Disciplining your child doesn’t always come easy. Let MH fill you in on the strategies that work.
WORDS DR NICOLA DAVIES
The word discipline suggests control, but what good parents try to establish is the ability for children to control themselves – to delay gratification and consider the feelings and needs of others. The best way for kids to learn what is appropriate is by learning correct behaviour from their parents. For example, if a child is harassing a family pet, rather than shouting “Leave the animal alone,” get up and show the child a little trick. Demonstrate how the cat will purr if you stroke it a certain way, or the dog will wag its tail if you talk to it kindly and scratch behind its ears. Do keep an eye on this behaviour, as children who are consistently cruel to animals and other children may need expert help to prevent the behaviour from escalating.
Here are some other strategies that work.
There are strict parents who insist on their children conforming to certain rules, and permissive ones for whom pretty much anything goes. Then there are the parents who prefer to discipline themselves rather than their child, by ensuring they are consistent, fair and open to discussion. Establishing consistency is vital. If you think it is hilarious the first time your child flings pumpkin onto the wall or your partner’s face, but reprimand them the next time it happens, they will become confused because you haven’t established consistent guidelines.
With democratic parenting, children are encouraged to think of the consequences of their actions and make socially responsible choices.
Democratic parents encourage kids to be cooperative and teach them how to deal with stress.
They realise that kids want to be liked so they show them how adapting their behaviour
to that of the majority of the class or group will help them gain friends
and provide positive reinforcement.
When their child has problems at school with other kids, or if they get poor grades, democratic parents try to listen and work out solutions with their child.
To Spank or Not to Spank?
Many parents have resorted to a mild slap for discipline; however, Yale University’s Alan Kazdin, professor of Psychology and Child Psychiatry points to the facts regarding physical punishment, as supported by research. In a home where excessive punishment is administered, studies have indicated that the child’s immune system is permanently altered through this early stress, putting them at greater risk of early death from chronic respiratory disease, cancer, and heart disease. This highlights the importance of finding other ways to modify unacceptable behaviour.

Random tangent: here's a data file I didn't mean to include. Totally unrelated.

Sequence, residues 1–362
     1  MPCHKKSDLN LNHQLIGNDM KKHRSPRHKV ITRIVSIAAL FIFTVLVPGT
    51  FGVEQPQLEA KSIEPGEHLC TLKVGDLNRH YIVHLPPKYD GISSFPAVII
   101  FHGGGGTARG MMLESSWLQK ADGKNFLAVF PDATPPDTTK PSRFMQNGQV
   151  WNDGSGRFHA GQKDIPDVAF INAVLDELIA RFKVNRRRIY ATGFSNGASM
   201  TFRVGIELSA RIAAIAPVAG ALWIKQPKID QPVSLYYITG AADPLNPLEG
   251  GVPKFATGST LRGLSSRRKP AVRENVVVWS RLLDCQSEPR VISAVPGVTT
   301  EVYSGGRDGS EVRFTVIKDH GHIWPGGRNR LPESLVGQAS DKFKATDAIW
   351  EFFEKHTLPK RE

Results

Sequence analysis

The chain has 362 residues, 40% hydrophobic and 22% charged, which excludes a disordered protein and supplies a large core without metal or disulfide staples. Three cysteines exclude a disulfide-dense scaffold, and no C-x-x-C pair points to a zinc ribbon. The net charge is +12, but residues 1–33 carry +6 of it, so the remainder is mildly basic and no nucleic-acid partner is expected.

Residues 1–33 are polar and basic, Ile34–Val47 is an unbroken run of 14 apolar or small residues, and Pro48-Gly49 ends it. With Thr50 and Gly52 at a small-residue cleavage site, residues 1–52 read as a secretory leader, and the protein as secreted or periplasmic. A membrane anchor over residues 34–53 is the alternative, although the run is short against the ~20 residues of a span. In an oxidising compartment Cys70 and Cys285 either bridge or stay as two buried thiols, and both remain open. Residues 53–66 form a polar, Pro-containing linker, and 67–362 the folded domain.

Reinforce the Positive Instead of the Negative
If there is a certain behaviour a parent would like modified – for example, their child spending too much time watching television – then instead of arguing, offer alternative activities, such as dancing to music, or paper and drawing materials. For this to be successful, you may need to sit with the child and co-create; often, simply giving them the tools doesn’t work.
It’s much easier and quicker to say, “Stop doing that” or “Don’t touch,” but showing them why works far better and means you don’t have to repeat yourself endlessly. Also, taking the time to help a child understand important concepts will help to cement them in their mind.
Kids switch off from long speeches; there is so much to discover in their worlds that their attention spans are short, so keep explanations brief. Show rather than tell.
Understand the Need to Assert Independence
Children begin to assert their will as they grow, so if you give an instruction like, “Wash your hands” the response may well be, “I don’t want to.” The way to resolve this is to avoid giving them something they can push back against. Instead say, “It’s time for dinner, let’s go and wash our hands together.” If the child still rebels, they will need to learn the consequences – no dinner until hands are clean.
Don’t Fall into the Cute Trap
Kids will switch on the charm when they have been naughty to avoid chastisement. So, if you’ve made what you feel is a fair decision, then be resolute no matter how much they try to “make up” to you. It may be hard, but they have to learn that actions have consequences.
Regular Bedtimes are Important
One area where young children often need discipline is with keeping to regular bedtimes. Research conducted by Professor Yvonne Kelly of the Department of Epidemiology and Public Health, University College London, UK, and her associates, shows a link between bedtimes in the early childhood years and the cognitive test scores of seven-year-olds. They looked at 11,178 children and found that reading, maths, and spatial ability scores were lower for children who did not have a regular bedtime.
Make bedtime something to look forward to –a time to cuddle up with a parent
and read a special book together that doesn’t come out at any other time.
Give them a chance to talk about their day and be ready to listen, without jumping in or interrupting. Let your child work through their fears, aspirations and misgivings with well-placed assurances, leaving them feeling loved and secure.
A child’s sense of justice is highly developed, so if you establish fair strategies to help them discipline themselves, you can look forward to a child who is cooperative, self- controlled and adaptable. Then, when other parents ask you how you do it, you can give them some helpful guidance and tips.